But a colouring book is not a big-ticket item. It is not important, not really, not in the scheme of things. And yet it’s this not important, not in the scheme of things that I desperately, ludicrously, want to reconnect with now. I want it so much that I’ll sift through Google images as if sifting for gold. And, bizarrely enough, there it is. A digital image of a book created almost 50 years ago, all in a day’s work for someone.

Which sent me off on another Google Odyssey. The illustrator was apparently Ruth Ruhman. She illustrated children’s books galore, back in the 1950s and 60s. My Raggedy Ann book came at the height of her powers, or perhaps towards the end of her long productive period. There are dozens of Google images devoted to the illustrations of Ruth Ruhman. They have that gloriously familiar mid-century feel. She was much more than a jobbing illustrator on a kids’ book in 1969. But there’s nothing about her, personally. Why do I need to know about her personally? I don’t know, but I kept trying to find some personal details. A Ruth Ruhman died in San Diego in 2011; whether this is the same person, it’s not clear.

I colour my boat with this nice strong artist-quality purple pencil. Back then, in primary school, I had a metal tin of Lakeland pencils that were slippery and pale on the page. I bought a small tin of Lakelands from eBay. These obsessions have been going for some time, now.

Someone else’s little hands also picked out a purple pencil, or crayon, or got out the poster paints and tried to colour between what are often quite narrow lines. Those little stripy red socks. The tiny strokes for the eyelashes underneath the eyes. I take my black pencil and make those tiny strokes for eyelashes under the eyes, and action replicated around the world at a particular time and then the world moves on.

And now, strange. I can Google and recapture that inconsequential moment, and do it again.

S is for solar, social media and STOP

IMG_3987I’m in a long and weary Facebook battle with the good people of Brewongle, just out of town, who are furiously opposing a solar farm on a neighbouring property. I keep swearing off, only to head back again to see if there have been any replies. I really need to swear off. It is miserable. Neither side will convince the other. I find myself locked down, now, defending my position, making me just as intransigent as my opponents. I feel I’m on the right side of history. I have the welfare of the whole planet on my side. They have only property values and a distaste for seeing visible evidence of renewable energy projects in their line of sight.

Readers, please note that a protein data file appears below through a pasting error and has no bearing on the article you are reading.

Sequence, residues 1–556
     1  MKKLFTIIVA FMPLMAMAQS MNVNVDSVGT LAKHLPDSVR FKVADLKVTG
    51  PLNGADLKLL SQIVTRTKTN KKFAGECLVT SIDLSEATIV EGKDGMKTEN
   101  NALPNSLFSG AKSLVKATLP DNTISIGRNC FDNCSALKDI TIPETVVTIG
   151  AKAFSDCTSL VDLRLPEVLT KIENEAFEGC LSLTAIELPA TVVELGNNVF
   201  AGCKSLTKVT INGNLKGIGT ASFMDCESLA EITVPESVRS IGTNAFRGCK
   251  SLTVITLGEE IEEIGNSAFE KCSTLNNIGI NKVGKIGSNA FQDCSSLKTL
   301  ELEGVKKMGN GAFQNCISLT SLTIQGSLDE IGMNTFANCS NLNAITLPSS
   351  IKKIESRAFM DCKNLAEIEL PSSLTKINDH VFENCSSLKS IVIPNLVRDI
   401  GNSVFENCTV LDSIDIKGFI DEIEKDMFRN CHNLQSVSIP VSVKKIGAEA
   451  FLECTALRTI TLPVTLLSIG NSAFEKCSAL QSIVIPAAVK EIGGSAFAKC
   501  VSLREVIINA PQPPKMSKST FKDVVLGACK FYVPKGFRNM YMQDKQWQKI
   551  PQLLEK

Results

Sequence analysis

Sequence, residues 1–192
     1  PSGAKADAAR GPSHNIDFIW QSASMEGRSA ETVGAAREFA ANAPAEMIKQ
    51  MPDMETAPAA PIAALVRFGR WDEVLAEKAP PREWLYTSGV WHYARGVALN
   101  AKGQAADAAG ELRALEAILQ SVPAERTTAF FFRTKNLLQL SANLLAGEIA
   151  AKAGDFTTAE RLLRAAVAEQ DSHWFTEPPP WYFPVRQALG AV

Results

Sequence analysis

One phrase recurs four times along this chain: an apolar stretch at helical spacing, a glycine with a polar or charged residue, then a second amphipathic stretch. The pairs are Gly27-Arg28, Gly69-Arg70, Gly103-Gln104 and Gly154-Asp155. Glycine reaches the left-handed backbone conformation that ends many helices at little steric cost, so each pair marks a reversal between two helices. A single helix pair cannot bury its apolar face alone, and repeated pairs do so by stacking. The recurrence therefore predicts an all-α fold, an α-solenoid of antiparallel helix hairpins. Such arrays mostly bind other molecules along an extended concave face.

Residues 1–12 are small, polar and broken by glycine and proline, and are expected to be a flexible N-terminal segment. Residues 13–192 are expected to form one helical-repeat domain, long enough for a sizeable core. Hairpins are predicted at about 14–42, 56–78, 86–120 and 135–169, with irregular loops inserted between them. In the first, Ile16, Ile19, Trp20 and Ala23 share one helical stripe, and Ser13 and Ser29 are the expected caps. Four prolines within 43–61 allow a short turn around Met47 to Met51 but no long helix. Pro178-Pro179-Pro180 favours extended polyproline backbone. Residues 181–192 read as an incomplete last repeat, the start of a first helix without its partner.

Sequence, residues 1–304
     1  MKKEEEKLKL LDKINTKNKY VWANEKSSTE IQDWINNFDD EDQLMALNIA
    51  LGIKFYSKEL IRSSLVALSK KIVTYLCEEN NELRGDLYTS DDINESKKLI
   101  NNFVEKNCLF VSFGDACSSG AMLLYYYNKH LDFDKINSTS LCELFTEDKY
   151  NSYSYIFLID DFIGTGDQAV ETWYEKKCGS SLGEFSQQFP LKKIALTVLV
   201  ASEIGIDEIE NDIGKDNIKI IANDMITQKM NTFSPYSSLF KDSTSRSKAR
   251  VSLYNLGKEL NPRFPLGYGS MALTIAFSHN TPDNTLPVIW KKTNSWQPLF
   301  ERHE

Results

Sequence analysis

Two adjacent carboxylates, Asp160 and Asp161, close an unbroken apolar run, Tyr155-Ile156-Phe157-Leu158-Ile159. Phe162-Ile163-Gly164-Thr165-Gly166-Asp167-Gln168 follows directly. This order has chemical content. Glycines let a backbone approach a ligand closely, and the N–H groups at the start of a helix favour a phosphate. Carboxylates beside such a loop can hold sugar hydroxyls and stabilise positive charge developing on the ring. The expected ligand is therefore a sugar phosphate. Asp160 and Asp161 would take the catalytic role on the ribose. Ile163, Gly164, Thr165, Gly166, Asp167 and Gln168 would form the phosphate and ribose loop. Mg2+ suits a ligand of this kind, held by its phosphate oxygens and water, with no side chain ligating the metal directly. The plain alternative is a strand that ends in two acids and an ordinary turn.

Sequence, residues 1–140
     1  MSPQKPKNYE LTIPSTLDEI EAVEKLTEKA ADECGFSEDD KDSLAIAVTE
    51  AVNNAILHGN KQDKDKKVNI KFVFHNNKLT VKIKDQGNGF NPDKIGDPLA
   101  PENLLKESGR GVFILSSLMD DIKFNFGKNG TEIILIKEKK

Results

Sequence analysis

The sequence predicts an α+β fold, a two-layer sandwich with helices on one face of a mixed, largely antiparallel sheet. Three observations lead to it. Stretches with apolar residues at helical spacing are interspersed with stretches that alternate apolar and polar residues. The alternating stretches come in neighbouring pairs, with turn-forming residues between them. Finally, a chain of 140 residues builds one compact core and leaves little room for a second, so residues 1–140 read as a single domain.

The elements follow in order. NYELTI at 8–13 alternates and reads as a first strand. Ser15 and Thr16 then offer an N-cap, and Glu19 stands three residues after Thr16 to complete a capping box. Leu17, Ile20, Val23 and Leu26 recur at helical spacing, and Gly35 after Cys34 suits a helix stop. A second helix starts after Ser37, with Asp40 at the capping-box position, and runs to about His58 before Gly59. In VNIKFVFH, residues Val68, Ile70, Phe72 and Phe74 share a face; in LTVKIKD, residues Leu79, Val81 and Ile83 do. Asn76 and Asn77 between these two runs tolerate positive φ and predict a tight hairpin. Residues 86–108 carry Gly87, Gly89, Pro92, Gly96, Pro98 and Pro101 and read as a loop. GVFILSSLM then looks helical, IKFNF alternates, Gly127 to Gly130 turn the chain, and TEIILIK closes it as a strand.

Via email, I appeal to academics I know who support the science of climate change and the need to switch from fossil fuels to renewables. They reply saying they can’t be seen to be “political”. One told me he preferred to work at a “higher” level. I go into a rage spiral, feeling I live in a Stalinist state. Nobody’s free to tell the truth because everybody is locked down, seduced into the system by nice plump salaries. I feel on higher moral ground, more free to be open to the truth, because I have nothing to lose but my precarious session-to-session teaching contracts (all have just expired; I may never teach again), a mortgaged suburban house in a regional town, a 1999 Subaru Outback and a laughable superannuation fund (all of which is a lot more than most people on earth, but a lot less than said tenured academics). But I’m perhaps not free to be open to the truth because I’m on a campaign to be right. They are wrong. They are nothing but Nimbys dressing up their outrage with some theories about solar panels damaging prime agricultural land. Supported by a pet agronomist.

I need to get back to yarning. I’m hanging out for the River Yarners meeting tomorrow at Rahamim, where I will stitch and bitch.

I need to step away from social media.

Immediately after writing that last sentence, I went back. I went back to copy and paste some of the Facebook comments into this post, but got stuck there, forgot what I was doing. I wrote a long and complicated reply and then deleted it. I will go back there now and attempt to copy and paste without writing any replies.

Be right back.

Okay, here’s the link to the post and discussion:

And here are some excerpts from the discussion under the post:


Tracy Sorensen – Me (and president of Bathurst Community Climate Action Network)

Margie Locke – Brewongle farmer who owns a property near the proposed solar farm

Sandy Bathgate – Brewongle resident who has been involved in heritage campaigns around Bathurst.

Andrew Bray – former employee of The Wind Alliance, who strolled into the discussion from his home in Victoria.

EXCERPTS FROM COMMENTS (7-8 November, 2017):

Tracy Sorensen The ideal solution exists somewhere out in the ether, not here on earth. We have to work with what’s possible and what we’ve got. It might not be ideal, but compared to open cut coal mining, this is a much better idea. Unlike open cut coal mining, the land used for wind and solar is easily converted back to agriculture if needs change in the future. Let’s be clear about what this is all about: the transition from fossil fuels to renewables in order to stave off catastrophic global warming. As we make the necessary changes, the world is going to look different. If we say no to this different world because we don’t like the look of it, we’re in deep trouble. It’s not okay to say some other people somewhere else need to tackle this. Every town, every region, can play its part. Bathurst can be known as a region that has embraced the challenge. That can actually be very attractive to tourists and residents alike.